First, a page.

After recent flooding, what’s being done in local cities, counties to combat sea-level rise?

Some areas have strategies, taken action to get ahead of looming problem

HILLSBORO BEACH, Fla. – In Hillsboro Beach, Mayor Irene Kirdahy explains a familiar problem faced by municipalities across South Florida.

“When there are King Tides, the intercoastal would actually top the walls,” says the former facilities engineer.

Hillsboro Beach is small and linear, stretching along A1A, the only road through the town.

“And one of the biggest things everybody asked is, ‘can we do something about the flooding?’ "

Kirdahy is also a representative with Broward Metropolitan Planning Organization (MPO). She submitted a proposal to fund MPO. The project also included new sewer lines. Her advice to other municipalities, if they want to consider a similar project, is to get moving.

She said it takes years working with the Florida Department of Transportation to secure the funding and begin the project.

Impassable surface flooding was becoming the norm. The town, working with FDOT, decided to raise the road. She said state engineers recommend it be raised six inches, but the town wanted more.

“We wanted a 30-year-old plan (to plan for sea level rise),” she said.

“It is now approximately two feet above where it was before and the years-long project is at the tail end of completion,” said Kirdahy.

When this week’s storms hit, the mayor said it was a major test for the road and it worked.

The main thoroughfare in Hillsboro Beach frequently flooded during King Tide before the road was raised. (Hillsboro Beach)

Miami Beach has been a regional leader in leveraging roadway elevation to alleviate chronic flooding; most notably in the Sunset Harbour area.

“In terms of success, the last King Tide when we are the most vulnerable because of sea level rise, we had 50 days that we were able to protect Sunset Harbor and the Indian Creek Drive area from getting flooded because of the rising tides,” said Joe Gomez, public works director, “because the roads were raised as a result of our projects.” Gomez said another important flood mitigation tool in the city’s arsenal was investing in robust drainage systems, which, he added “is incredibly helpful to counteract storm events.”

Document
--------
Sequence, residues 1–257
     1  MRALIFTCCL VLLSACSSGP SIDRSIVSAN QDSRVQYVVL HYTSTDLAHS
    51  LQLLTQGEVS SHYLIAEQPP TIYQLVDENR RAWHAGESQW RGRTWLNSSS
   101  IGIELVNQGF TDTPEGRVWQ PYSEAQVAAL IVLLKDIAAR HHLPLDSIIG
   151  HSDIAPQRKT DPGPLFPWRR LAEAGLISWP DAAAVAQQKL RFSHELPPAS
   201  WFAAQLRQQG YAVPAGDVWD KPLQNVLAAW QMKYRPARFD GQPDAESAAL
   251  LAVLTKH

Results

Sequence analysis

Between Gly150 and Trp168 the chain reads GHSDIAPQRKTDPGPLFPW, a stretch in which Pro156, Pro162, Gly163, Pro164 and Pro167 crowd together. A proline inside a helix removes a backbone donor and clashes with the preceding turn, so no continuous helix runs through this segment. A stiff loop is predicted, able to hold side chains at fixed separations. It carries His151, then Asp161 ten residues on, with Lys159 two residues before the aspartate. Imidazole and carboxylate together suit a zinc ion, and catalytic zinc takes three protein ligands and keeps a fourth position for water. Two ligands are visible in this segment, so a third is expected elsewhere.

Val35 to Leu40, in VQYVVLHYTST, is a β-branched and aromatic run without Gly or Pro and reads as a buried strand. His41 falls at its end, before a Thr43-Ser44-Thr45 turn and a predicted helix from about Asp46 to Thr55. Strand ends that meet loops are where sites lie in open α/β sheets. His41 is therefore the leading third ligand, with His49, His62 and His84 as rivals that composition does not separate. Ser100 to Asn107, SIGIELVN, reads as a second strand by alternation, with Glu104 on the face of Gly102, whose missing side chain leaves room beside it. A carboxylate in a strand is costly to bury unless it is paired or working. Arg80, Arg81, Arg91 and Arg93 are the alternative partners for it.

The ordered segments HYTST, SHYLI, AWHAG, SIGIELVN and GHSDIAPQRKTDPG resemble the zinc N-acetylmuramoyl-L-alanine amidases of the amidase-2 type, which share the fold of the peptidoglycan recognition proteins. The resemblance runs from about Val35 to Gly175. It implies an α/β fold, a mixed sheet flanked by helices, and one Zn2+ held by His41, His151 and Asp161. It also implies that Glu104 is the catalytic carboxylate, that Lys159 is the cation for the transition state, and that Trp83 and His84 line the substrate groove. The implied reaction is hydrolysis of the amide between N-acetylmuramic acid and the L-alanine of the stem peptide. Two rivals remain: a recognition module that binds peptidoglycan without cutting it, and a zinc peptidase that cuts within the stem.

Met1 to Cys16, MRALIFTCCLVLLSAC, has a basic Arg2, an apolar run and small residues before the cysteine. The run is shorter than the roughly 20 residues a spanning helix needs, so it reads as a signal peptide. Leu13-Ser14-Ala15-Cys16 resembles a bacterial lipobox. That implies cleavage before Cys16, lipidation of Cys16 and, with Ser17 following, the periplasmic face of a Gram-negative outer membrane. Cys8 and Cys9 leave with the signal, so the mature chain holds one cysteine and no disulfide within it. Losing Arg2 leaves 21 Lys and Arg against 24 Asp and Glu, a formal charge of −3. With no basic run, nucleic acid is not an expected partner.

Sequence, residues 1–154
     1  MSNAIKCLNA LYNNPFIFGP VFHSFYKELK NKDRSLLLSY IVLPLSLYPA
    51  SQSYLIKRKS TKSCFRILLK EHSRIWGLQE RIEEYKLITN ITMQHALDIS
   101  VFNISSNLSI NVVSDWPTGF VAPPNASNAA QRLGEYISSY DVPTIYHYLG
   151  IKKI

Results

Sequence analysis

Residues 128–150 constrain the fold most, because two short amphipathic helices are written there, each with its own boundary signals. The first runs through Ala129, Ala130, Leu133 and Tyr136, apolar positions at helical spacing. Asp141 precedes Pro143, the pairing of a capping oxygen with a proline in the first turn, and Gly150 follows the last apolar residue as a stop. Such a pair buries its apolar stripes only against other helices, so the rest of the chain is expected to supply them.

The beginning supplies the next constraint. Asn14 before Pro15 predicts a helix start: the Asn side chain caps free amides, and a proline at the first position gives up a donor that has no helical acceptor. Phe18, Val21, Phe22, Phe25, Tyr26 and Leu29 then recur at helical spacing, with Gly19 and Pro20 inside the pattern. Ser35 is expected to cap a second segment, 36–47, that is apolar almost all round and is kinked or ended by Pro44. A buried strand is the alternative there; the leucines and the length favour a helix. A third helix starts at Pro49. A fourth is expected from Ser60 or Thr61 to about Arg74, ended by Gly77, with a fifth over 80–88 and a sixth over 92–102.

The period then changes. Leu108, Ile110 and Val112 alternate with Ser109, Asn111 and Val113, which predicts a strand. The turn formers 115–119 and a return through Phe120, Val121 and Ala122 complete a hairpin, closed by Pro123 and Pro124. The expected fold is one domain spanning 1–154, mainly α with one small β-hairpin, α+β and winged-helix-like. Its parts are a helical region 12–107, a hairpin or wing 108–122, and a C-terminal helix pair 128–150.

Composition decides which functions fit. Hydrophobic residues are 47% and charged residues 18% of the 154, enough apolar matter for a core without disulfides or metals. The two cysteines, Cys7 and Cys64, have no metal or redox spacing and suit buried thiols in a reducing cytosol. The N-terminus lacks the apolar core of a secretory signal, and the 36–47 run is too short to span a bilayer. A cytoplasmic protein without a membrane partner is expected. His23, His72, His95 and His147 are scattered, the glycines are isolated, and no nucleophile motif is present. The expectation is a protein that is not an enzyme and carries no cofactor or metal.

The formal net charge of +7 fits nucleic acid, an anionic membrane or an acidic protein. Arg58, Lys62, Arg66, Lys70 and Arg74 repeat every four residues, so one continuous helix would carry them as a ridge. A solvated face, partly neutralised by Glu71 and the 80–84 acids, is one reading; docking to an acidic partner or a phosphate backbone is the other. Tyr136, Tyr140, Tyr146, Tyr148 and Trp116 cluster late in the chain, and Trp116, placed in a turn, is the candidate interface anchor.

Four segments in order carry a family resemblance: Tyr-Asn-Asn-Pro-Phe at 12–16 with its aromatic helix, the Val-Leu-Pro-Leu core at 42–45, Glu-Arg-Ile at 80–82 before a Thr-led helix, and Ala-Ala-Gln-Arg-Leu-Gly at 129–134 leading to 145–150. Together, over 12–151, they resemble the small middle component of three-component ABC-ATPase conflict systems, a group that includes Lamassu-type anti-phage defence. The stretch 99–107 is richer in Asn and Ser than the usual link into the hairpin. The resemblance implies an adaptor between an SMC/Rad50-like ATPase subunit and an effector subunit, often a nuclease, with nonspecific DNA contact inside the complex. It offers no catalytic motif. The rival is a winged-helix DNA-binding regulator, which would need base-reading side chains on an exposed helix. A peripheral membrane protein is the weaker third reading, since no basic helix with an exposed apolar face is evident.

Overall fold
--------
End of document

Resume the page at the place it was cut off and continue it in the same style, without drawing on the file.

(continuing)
Ken Russell, who championed environmental policies when he was a Miami commissioner and now works in the private sector in sustainability consulting, says that it’s the municipalities that are “on the front lines of dealing with flooding issues. The reason why a storm drain ceases to function due to sea level rise is that it is not getting the headway to flush the water out of the pipes. Meaning that the outfall is not low enough anymore because water is already covering it. The water table has already risen, so by raising the roads, you add a little more gravity push to the water and it can get out.”

But, he said, there is a downside to this approach.

“You are doing massive construction on the public roads which may or may not be affecting private roads, the driveways, the homes, the businesses, so you need to take that all into account that you are not causing flooding where you don’t want it.”

Russell said there are short, medium, and long-term fixes for flooding:

Short: “Keep the pipes clean.”

Medium: “Raise the roads.”

But, Russell says, that for the long-term, “we have to think holistically, we have to think about the causes of the problem. Climate change and sea level rise is why our roads are failing, it is also why the storms are getting stronger and more frequent.”

He commented on the “once in 1,000 years” headlines that were prevalent this week.

“... It will be back, in much less, maybe even this year or less, so municipalities have to look at how they are addressing climate change, what they are doing for their built environment, not just the public roads, but the private buildings as well that are contributing to greenhouse gas emissions, our carbon footprint and making our situation worse.”

Monroe County ranks among the highest areas in the country impacted by tidal flooding.

Climate change, including but not limited to extreme weather conditions and sea level rise has prompted planners and officials to focus on strategies that, they say, “support a more resilient system.” The county maintains an estimated 311 miles of roads distributed among more than 1200 roadway segments throughout the county.

County officials say they are taking a proactive sustainability approach by merging climate change science and modeling, with transportation engineering and planning to develop a long-term roads adaptation plan based on design criteria, SLR projections, adaptation methodology, policy/financing evaluation, and public/stakeholder outreach.

See more about the plan here.

About the Authors:

Christina returned to Local 10 in 2019 as a reporter after covering Hurricane Dorian for the station. She is an Edward R. Murrow Award-winning journalist and previously earned an Emmy Award while at WPLG for her investigative consumer protection segment "Call Christina."